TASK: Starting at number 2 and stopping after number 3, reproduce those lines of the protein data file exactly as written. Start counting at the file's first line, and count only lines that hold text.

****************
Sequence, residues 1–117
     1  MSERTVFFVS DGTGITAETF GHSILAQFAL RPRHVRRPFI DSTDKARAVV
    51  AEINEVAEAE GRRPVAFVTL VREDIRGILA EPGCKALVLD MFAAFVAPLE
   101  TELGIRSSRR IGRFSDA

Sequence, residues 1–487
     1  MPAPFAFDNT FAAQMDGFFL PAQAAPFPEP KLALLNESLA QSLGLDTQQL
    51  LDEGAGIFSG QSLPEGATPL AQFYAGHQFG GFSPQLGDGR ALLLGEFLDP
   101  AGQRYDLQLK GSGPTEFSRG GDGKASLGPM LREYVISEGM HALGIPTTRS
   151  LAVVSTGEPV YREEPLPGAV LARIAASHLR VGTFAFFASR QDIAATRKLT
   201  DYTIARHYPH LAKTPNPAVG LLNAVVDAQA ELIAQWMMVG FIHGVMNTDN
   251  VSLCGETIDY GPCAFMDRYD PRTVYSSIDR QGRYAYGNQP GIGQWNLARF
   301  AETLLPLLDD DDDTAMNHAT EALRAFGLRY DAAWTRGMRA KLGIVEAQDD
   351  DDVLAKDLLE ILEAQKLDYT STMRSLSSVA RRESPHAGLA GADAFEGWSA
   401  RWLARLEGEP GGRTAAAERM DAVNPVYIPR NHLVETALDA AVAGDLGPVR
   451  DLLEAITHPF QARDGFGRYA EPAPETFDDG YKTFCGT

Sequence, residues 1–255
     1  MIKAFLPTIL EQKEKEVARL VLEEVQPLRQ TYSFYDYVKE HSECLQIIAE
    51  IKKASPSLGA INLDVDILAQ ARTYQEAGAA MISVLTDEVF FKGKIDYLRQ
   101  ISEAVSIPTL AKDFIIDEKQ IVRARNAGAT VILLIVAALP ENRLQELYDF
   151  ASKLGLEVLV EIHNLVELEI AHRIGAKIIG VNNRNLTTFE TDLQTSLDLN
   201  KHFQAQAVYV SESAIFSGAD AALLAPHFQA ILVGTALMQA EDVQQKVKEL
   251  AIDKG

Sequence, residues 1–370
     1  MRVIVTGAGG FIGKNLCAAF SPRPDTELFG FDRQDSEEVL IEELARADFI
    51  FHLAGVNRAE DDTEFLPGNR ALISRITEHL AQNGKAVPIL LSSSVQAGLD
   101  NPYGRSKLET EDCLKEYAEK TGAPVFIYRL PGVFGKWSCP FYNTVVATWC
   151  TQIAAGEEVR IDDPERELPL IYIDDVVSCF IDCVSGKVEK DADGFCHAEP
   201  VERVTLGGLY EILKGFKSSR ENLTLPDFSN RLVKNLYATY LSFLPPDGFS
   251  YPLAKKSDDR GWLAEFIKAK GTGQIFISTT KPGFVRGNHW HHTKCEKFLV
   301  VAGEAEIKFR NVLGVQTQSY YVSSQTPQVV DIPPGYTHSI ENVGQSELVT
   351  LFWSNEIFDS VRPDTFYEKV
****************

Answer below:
     1  MSERTVFFVS DGTGITAETF GHSILAQFAL RPRHVRRPFI DSTDKARAVV
    51  AEINEVAEAE GRRPVAFVTL VREDIRGILA EPGCKALVLD MFAAFVAPLE